Tax Executives’ Angst Shifting from D.C. to OECD – Jonathan Curry, Tax Notes ($). “Worry by business leaders over the tax increases they’d have to reckon with under a potential Build Back Better agenda is giving way to planning for how they’ll comply with the OECD’s international tax projects.”

‘The outlook for U.S. [tax] policy in 2022 remains really uncertain,’ Ken Kuykendall of PwC said during a January 27 call with reporters. Momentum for the Build Back Better Act (H.R. 5376) in Congress has stalled, and meanwhile, sweeping changes are coming into focus this year, with international tax negotiators targeting an effective date as early as 2023 for the OECD’s pillar 1 and pillar 2 global tax reform projects.

According to a PwC survey of almost 700 C-suite executives, 42 percent of the respondents were considering speeding up their digital transformation initiatives; 38 percent were considering automating their processes; and 36 percent were weighing sizable investments in technology.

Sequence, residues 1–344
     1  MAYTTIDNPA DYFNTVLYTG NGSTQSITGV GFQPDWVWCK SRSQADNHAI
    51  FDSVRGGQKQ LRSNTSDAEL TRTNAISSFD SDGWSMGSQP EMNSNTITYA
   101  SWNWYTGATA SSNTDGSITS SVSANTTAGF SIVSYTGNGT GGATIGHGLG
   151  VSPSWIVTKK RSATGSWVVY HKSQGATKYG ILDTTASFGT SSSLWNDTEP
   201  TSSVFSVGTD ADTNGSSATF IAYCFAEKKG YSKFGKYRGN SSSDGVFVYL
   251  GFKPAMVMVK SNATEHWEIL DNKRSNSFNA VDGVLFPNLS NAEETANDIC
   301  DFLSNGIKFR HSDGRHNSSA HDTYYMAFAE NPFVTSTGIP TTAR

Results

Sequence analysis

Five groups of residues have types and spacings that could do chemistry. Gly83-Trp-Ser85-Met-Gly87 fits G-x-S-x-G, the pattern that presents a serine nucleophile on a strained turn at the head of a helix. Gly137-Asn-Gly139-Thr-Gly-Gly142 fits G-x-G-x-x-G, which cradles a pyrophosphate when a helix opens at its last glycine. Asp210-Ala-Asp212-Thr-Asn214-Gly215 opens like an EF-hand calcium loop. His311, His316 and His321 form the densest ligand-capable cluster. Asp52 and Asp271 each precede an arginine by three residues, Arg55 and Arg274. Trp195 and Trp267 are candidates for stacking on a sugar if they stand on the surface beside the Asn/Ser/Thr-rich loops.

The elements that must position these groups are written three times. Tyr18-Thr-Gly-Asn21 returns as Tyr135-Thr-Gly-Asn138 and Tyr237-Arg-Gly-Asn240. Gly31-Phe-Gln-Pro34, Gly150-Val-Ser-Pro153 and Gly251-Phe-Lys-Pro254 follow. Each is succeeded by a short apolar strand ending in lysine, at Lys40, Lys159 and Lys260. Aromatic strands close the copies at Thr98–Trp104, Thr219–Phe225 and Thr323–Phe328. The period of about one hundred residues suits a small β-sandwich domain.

Companies Must Prepare for EU’s Changing Tax Landscape (Podcast) - Isabel Gottlieb, Bloomberg ($):

Companies operating in the EU are facing a changing tax landscape in the years ahead, which means they must prepare now to set up systems to report and comply with the new measures.


Happy National Fun At Work Day! And if you’re working from home, does that mean you can take a nap? Naps are fun! 

From National Day Calendar:

Make sure to obtain your boss’s approval for whatever fun and exciting things you choose to do. Better yet, get your boss involved in the fun!

I guess naps are a no-go. Bummer.